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Due to the rollout of Covid-19 vaccines, the coronavirus situation in the UK is greatly improved, compared with the previous two years. However, Russia’s invasion of Ukraine creates a new crisis. In the UK there was concern about the effect that rising prices, and other factors, are having on household budgets. The Ukraine crisis may push energy and food prices higher still.

Economic situation: Effect of the Ukraine crisis

High and rising inflation has dominated recent economic news. Higher energy costs have been a prominent contributing factor, as have increasing consumer goods prices. Food prices are also increasing.

Food price inflation

As well as the military, political and humanitarian impact of Russia’s invasion of Ukraine, there will also be implications for the world economy, including the UK. It’s likely that energy and food prices will rise further. Russia is one of the world’s largest exporters of oil and gas, while Russia and Ukraine are important producers of various agricultural products such as wheat.

Since the conflict began, prices in many commodities markets – including in energy, food and metals – have risen but have been volatile. It seems likely that the conflict will lead to inflation in the UK rising even further than expected previously. Following the invasion, economists expect UK inflation to be higher and more persistent.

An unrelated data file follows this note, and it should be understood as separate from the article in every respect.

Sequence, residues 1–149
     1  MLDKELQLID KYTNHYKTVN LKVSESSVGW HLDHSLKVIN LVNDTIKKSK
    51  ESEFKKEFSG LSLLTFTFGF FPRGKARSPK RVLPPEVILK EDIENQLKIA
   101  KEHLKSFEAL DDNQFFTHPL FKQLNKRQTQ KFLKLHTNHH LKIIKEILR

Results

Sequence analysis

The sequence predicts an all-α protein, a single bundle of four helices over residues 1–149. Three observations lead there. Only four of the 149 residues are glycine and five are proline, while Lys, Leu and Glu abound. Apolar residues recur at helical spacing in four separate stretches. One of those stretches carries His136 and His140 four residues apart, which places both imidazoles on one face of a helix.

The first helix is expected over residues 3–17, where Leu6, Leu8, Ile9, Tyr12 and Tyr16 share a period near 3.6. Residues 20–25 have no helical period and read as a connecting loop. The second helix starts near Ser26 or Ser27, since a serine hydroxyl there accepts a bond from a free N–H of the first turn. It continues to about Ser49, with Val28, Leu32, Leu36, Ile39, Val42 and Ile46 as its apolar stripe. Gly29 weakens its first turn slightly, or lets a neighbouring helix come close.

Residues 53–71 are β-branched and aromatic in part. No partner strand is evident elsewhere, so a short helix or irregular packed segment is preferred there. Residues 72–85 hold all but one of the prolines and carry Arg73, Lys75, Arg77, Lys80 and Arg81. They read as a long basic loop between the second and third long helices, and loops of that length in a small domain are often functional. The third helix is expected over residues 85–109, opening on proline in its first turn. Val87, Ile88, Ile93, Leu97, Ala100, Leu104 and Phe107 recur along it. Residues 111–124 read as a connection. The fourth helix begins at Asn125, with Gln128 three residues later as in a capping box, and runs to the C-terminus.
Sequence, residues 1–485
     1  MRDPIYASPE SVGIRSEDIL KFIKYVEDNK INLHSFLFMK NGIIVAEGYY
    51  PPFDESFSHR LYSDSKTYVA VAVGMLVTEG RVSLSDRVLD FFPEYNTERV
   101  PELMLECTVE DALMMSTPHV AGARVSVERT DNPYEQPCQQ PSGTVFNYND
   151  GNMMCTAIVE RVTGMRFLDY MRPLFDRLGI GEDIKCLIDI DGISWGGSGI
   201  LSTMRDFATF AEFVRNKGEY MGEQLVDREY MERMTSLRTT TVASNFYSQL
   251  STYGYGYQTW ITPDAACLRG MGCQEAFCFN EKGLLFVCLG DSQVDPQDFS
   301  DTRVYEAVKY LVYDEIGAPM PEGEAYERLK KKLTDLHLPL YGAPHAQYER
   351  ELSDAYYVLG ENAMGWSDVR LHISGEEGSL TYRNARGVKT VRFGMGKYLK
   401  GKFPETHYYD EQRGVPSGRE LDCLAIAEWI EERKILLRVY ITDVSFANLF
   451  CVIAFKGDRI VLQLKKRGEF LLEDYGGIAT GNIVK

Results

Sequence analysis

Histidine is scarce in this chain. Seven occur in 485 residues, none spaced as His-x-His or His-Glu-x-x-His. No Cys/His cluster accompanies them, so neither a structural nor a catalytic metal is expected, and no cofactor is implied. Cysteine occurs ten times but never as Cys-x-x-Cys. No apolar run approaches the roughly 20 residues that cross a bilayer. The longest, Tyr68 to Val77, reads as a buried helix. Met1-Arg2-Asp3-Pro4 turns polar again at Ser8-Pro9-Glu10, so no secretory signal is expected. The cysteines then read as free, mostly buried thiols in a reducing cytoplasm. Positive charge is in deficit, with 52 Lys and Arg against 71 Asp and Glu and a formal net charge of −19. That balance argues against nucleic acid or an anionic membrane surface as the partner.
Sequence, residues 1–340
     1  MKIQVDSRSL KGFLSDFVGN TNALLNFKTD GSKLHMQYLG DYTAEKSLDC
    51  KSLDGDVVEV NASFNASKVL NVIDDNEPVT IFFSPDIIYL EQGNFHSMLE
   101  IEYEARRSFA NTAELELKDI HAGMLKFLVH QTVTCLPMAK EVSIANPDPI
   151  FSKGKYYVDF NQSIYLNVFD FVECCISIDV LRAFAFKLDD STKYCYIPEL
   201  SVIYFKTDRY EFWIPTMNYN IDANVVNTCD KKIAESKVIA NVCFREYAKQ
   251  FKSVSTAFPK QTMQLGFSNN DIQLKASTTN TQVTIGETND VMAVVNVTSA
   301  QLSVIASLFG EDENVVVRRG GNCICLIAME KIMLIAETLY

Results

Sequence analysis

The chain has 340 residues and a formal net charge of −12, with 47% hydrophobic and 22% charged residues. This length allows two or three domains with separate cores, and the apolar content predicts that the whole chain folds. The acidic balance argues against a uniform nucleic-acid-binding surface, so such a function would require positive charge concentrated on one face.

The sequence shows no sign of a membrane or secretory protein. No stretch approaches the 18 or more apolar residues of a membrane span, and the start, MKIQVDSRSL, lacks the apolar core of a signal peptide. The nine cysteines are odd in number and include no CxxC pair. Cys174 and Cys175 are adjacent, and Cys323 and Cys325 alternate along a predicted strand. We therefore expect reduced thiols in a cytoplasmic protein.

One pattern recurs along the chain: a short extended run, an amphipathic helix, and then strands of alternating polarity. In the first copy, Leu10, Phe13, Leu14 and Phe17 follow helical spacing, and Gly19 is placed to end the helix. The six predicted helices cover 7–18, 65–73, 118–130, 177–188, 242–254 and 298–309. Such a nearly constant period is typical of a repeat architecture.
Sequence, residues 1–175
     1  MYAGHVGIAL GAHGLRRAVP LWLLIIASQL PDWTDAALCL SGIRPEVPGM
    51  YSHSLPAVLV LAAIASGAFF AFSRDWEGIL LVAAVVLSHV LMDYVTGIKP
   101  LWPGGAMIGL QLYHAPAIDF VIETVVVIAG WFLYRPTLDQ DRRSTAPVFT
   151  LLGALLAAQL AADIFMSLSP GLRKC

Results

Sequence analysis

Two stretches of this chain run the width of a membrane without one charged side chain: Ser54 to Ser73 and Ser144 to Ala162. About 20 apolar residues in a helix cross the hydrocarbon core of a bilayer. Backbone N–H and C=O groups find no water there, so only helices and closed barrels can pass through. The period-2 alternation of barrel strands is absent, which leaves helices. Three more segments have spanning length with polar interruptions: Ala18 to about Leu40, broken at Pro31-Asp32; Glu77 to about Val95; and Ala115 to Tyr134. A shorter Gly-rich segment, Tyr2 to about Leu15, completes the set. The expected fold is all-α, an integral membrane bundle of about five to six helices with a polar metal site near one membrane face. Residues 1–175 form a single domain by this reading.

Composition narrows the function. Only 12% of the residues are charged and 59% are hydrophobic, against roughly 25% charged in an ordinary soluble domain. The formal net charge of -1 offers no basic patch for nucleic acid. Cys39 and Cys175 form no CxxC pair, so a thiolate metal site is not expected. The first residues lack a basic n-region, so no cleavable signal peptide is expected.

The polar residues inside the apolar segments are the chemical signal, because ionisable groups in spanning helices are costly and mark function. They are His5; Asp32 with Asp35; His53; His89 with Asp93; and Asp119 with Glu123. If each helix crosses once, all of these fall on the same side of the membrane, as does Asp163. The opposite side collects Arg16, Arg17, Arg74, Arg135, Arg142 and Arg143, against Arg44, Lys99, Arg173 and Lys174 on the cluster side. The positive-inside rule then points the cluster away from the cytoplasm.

Inflation and inflation forecasts

The main risk to the UK economy is that rises in the cost of living will reduce consumer spending growth, a key driver of economic growth. Higher prices and taxes are expected to lead to falls in household incomes adjusted for inflation. Business costs will also rise, potentially stemming an expected recovery in business investment, which remains well below pre-pandemic levels.

Consumer confidence

Before the conflict in Ukraine, economic indicators painted a largely positive picture of the UK economy in early 2022. The Omicron variant of the coronavirus left only minimal economic damage in December, with GDP growth rebounding strongly in January and surveys of business activity picking up in February. Meanwhile, the labour market continues its recovery from the pandemic, with unemployment falling and employment rising.

GDP relative to pre-pandemic level

Cost of living: Household budget pressures 

Rising prices are squeezing household budgets, as energy, road fuel, food shopping and other items become more expensive.

The Resolution Foundation, a living standards think tank, estimates inflation in 2022/23 could cause the biggest annual fall in household income since the 1970s.

Low-income households are especially affected. A higher proportion of low-income households’ spending goes to energy and food and the prices of both will increase in 2022. The Resolution Foundation expects an inflation rate of over 10% for the poorest households in 2022.

In February 2022, the Chancellor announced measures to help households with “the cost of living following a rise in the energy price cap.” On the same day, Ofgem – the gas and electricity regulator – announced the energy price cap is rising by 54% from 1 April.